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Eider Stellaire - Eider Stellaire I CD (album) cover

EIDER STELLAIRE I

Eider Stellaire

 

Zeuhl

4.05 | 72 ratings

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Guldbamsen
Forum & Site Admin Group
Site and Forum Admin
4 stars Zeuhl returns to its humble beginnings

(Thank you so much for this John!)

Eider Stellaire's first release has become somewhat of a cult classic, and deservedly so. The mix of jazz rock and that special unique shading that I'd like to call the teutonic touch, is here leaning heavily on the jazz side of things - making it an easy approachable album, and one that should appeal to a lot of different music listeners who like their fusion with a sprinkling of the serene and feminine.

That last part of the equation is all down to the two female vocalists of Eider Stellaire. Lingering and floating over the hard hitting jazz rock, you find an ethereal scat singing relying totally on wordless whispers and melodic effervescent emanations.

Now, personally I've always thought of Zeuhl as being the natural heir-taker of the European jazz culture that flourished after WW2. Heaps of Black jazz musicians now called France, Sweden, Denmark or even Germany their new home. Over here, they were synonymous with the American heroes that helped us trample Hitler's new world order, - AND they could play their ass off to boot - in a new and exciting way that soon took hold over our own musicians. All this may have started out as bebop, but like everything else, waves start as ripples, and these musicians were indeed the start of a wonderful sonic adventure about to unfold. France was no stranger to jazz, but this new wave of musicians still made serious ripples - soon inspiring the nation's youth to do their own thing with this newly found expression. By the end of the sixties the jazz world was again reinvented by artists like Miles and the whole notion of infusing rock within the classic mould, and sure enough, you were pretty soon spotting French artists mixing it up much like their contemporaries.

What sets this particular brand of jazz rock aside, is what Magma then proceeded to do with the genre, but I happen to think it happened even earlier than that. Zeuhl is not necessarily made up of a pseudo universe with its own strange lingo. Sure that's what it has become and known for, but when you start looking around at other artists from around the same time, you'll find a lot of the same essentials roaming freely: like the teutonic trade, the almost ritualistic rhythms, the apocalyptic menacing drive - all of this is also very present in a man like Igor Wakhevitch's music, - and well he got it from Luc Ferrari, a now famous composer that has influenced many an experimental musician - and he then got a thing or two from Edgard Varèse and so on... Again, we've said this thing over and over again: nothing exists in a vacuum. Not prog rock nor Zeuhl for that matter.

All of this ranting surely has a point, you must be saying to yourself by now, - and it does! I promise. This album was released at the beginning of the 80s, where music that put back the experimental quotient in the spotlight was a rare commodity outside of the RIO inspired groups that literally were in bloom. Eider Stellaire's debut is a throwback to the early fusion sage-rated days of Zeuhl. Reminding this listener of Magma's 1001 Centigrades that also wielded an uncanny jazz rock attitude, this album manages to put its own spin on something that by 81 was old and tried, yet somehow it comes off sounding as fresh as ever. The reason behind, according to my own uneducated guess, is the way it was captured on tape. Sounding like a regular live feast gone metaphysical right there and then at the recording session, it luckily avoids all of the androgynous studio tinkering that was going on at the time, where drums weren't aloud to sound like drums, synths should sound like plastic velcro and well just the whole notion of recording music separately and metronomic. All of that was frowned upon - or maybe the lack of money simply made the decision beforehand, - either way, the album is free of those 'dated' and lacklustre trades of the time - sounding meaty, vivacious and monumentally fresh - still after some 30 years!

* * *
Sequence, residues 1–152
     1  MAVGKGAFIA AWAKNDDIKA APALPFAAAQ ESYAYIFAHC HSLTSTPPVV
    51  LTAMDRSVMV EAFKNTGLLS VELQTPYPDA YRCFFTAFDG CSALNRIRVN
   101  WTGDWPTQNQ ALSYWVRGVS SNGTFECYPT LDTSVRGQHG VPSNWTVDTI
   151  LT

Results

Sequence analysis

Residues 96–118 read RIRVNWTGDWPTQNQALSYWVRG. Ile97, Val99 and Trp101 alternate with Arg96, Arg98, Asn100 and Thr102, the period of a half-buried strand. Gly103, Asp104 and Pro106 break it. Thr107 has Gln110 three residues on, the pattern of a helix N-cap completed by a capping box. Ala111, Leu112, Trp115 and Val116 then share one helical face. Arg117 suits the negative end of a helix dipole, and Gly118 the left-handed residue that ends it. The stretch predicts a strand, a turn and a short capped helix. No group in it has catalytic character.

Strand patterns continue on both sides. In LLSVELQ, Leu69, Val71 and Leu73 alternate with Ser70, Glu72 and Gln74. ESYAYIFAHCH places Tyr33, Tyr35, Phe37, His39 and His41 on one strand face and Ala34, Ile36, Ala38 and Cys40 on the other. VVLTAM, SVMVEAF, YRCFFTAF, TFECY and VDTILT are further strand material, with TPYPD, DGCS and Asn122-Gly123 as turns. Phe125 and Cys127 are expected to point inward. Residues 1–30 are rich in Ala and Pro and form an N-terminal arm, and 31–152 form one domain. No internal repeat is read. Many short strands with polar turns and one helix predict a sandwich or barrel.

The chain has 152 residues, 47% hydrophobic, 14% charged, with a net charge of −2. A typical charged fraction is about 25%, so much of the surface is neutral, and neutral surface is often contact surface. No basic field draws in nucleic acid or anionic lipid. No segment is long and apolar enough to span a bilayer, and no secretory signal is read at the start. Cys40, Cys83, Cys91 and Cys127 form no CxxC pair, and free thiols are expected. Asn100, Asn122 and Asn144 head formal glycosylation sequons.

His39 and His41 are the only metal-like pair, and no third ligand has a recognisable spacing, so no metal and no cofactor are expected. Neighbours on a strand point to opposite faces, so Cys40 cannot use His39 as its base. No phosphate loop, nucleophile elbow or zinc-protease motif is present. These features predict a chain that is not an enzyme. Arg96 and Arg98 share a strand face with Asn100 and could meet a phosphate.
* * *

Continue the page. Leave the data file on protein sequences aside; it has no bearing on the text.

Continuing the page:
Beautiful towering drum patterns - sounding like cataclysmic events happening all over each other - backed up by the deepest sweatiest bass you'll ever come across. Electric piano tip toeing its way into your heart with a small melody on its lips, often holding hands with a marvellous sounding organ that benefits the music by breathing air into the midst of things. This is surely fusion that reaches for the skies like huge buildings and skyscrapers rising up on the horizon.

I recommend anyone with a penchant for fusion to look into this record. It's an easy approachable bugger that'll charm its way down your trouser, like a lovesick ferret on the prowl. This could very well be your first time together with a Zeuhl album, and what a way to pop your cherry! 4.5 stars

Guldbamsen | 4/5 |

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